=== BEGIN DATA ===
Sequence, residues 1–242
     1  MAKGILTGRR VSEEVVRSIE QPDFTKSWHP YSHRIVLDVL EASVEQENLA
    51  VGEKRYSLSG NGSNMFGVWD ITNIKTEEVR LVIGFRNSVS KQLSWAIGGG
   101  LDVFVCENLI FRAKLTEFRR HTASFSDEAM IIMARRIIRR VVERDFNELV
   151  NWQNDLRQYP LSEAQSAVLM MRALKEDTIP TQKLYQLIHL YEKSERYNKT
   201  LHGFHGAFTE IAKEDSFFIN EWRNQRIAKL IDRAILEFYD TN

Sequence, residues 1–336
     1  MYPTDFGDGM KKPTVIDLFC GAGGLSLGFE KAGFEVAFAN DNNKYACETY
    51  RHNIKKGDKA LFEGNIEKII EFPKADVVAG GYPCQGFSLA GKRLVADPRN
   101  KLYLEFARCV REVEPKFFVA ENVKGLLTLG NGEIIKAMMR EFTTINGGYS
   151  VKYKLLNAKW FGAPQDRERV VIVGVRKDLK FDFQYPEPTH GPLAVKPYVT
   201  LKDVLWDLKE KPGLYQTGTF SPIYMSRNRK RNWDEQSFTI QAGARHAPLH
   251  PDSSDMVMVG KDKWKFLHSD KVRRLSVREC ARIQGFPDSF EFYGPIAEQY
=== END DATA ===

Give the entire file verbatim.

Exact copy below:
Sequence, residues 1–242
     1  MAKGILTGRR VSEEVVRSIE QPDFTKSWHP YSHRIVLDVL EASVEQENLA
    51  VGEKRYSLSG NGSNMFGVWD ITNIKTEEVR LVIGFRNSVS KQLSWAIGGG
   101  LDVFVCENLI FRAKLTEFRR HTASFSDEAM IIMARRIIRR VVERDFNELV
   151  NWQNDLRQYP LSEAQSAVLM MRALKEDTIP TQKLYQLIHL YEKSERYNKT
   201  LHGFHGAFTE IAKEDSFFIN EWRNQRIAKL IDRAILEFYD TN

Sequence, residues 1–336
     1  MYPTDFGDGM KKPTVIDLFC GAGGLSLGFE KAGFEVAFAN DNNKYACETY
    51  RHNIKKGDKA LFEGNIEKII EFPKADVVAG GYPCQGFSLA GKRLVADPRN
   101  KLYLEFARCV REVEPKFFVA ENVKGLLTLG NGEIIKAMMR EFTTINGGYS
   151  VKYKLLNAKW FGAPQDRERV VIVGVRKDLK FDFQYPEPTH GPLAVKPYVT
   201  LKDVLWDLKE KPGLYQTGTF SPIYMSRNRK RNWDEQSFTI QAGARHAPLH
   251  PDSSDMVMVG KDKWKFLHSD KVRRLSVREC ARIQGFPDSF EFYGPIAEQY